Mathematical models of distributed computations, based on the calculus of mobile processes (pi-calculus) are widely used for checking the information security properties of cryptographic protocols. Since pi-calculus is Turing-complete, this problem is undecidable in general case. Therefore, the study is carried out only for some special classes of pi-calculus processes with restricted computational capabilities, for example, for non-recursive processes, in which all runs have a bounded length, for processes with a bounded number of parallel components, etc. However, even in these cases, the proposed checking procedures are time consuming. We assume that this is due to the very nature of the pi -calculus processes. The goal of this paper is to show that even for the weakest model of passive adversary and for relatively simple protocols that use only the basic pi-calculus operations, the task of checking the information security properties of these protocols is co-NP-complete.

Modal logics, both propositional and predicate, have been used in computer science since the late 1970s. One of the most important properties of modal logics of relevance to their applications in computer science is the complexity of their satisﬁability problem. The complexity of satisﬁability for modal logics is rather high: it ranges from NP-complete to undecidable for propositional logics and is undecidable for predicate logics. This has, for a long time, motivated research in drawing the borderline between tractable and intractable fragments of propositional modal logics as well as between decidable and undecidable fragments of predicate modal logics. In the present thesis, we investigate some very natural restrictions on the languages of propositional and predicate modal logics and show that placing those restrictions does not decrease complexity of satisﬁability. For propositional languages, we consider restricting the number of propositional variables allowed in the construction of formulas, while for predicate languages, we consider restricting the number of individual variables as well as the number and arity of predicate letters allowed in the construction of formulas. We develop original techniques, which build on and develop the techniques known from the literature, for proving that satisﬁability for a ﬁnite-variable fragment of a propositional modal logic is as computationally hard as satisﬁability for the logic in the full language and adapt those techniques to predicate modal logics and prove undecidability of fragments of such logics in the language with a ﬁnite number of unary predicate letters as well as restrictions on the number of individual variables. The thesis is based on four articles published or accepted for publication. They concern propositional dynamic logics, propositional branchingand alternating-time temporal logics, propositional logics of symmetric rela tions, and ﬁrst-order predicate modal and intuitionistic logics. In all cases, we identify the “minimal,” with regard to the criteria mentioned above, fragments whose satisﬁability is as computationally hard as satisﬁability for the entire logic.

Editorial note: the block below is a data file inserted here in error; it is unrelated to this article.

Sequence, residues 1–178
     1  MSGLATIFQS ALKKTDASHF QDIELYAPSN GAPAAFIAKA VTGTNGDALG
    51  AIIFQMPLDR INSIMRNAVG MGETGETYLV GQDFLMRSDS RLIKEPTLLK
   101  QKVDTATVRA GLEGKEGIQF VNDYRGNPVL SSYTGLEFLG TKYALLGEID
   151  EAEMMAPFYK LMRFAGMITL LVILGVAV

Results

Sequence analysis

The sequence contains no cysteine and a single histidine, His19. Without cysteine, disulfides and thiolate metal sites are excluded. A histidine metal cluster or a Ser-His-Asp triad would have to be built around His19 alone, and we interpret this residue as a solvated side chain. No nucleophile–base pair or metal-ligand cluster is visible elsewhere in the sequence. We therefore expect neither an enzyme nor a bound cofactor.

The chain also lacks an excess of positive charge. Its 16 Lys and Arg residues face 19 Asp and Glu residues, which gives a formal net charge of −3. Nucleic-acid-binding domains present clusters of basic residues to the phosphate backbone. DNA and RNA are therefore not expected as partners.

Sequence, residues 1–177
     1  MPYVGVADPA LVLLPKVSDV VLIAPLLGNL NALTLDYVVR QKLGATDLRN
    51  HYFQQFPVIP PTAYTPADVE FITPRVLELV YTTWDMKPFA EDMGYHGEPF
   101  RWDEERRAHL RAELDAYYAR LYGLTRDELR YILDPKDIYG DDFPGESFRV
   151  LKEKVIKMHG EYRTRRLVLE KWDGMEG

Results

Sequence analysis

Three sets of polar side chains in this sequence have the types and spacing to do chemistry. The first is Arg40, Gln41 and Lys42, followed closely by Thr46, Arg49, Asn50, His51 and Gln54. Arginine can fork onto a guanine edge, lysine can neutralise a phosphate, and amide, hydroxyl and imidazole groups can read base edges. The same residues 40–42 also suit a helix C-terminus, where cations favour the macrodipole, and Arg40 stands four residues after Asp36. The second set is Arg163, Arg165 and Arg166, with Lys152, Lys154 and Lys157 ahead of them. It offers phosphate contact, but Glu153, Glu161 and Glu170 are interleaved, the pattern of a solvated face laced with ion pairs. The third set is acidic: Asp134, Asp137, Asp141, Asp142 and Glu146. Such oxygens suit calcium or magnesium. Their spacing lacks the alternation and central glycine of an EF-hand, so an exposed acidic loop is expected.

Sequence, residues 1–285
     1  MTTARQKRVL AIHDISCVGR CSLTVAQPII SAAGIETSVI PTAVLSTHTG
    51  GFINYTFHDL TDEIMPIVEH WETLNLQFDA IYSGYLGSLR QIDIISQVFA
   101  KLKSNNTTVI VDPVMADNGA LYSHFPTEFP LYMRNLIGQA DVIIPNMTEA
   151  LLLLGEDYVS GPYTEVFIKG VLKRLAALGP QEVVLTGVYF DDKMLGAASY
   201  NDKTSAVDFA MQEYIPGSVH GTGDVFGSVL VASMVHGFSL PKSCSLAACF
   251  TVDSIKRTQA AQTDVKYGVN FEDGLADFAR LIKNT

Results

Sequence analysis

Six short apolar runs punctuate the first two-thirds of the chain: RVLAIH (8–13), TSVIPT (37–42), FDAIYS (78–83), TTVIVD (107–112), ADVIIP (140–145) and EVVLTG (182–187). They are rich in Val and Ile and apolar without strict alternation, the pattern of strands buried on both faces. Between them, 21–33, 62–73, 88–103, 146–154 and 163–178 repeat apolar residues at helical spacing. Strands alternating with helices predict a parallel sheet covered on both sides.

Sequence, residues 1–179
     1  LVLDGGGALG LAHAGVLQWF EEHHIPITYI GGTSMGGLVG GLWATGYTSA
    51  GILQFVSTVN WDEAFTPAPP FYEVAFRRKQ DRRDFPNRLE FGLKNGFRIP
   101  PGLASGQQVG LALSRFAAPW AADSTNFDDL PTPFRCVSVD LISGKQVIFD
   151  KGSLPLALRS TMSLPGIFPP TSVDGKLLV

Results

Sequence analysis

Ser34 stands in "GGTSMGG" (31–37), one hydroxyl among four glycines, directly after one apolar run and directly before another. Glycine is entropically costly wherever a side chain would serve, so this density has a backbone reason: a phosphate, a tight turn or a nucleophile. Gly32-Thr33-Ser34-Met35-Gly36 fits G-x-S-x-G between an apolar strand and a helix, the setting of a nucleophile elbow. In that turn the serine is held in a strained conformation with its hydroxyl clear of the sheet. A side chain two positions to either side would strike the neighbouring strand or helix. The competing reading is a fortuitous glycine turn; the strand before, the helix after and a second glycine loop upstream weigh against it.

This proceedings publication is a compilation of selected contributions from the “Third International Conference on the Dynamics of Information Systems” which took place at the University of Florida, Gainesville, February 16–18, 2011. The purpose of this conference was to bring together scientists and engineers from industry, government, and academia in order to exchange new discoveries and results in a broad range of topics relevant to the theory and practice of dynamics of information systems. Dynamics of Information Systems: Mathematical Foundation presents state-of-the art research and is intended for graduate students and researchers interested in some of the most recent discoveries in information theory and dynamical systems. Scientists in other disciplines may also benefit from the applications of new developments to their own area of study.

A form for an unbiased estimate of the coefficient of determination of a linear regression model is obtained. It is calculated by using a sample from a multivariate normal distribution. This estimate is proposed as an alternative criterion for a choice of regression factors.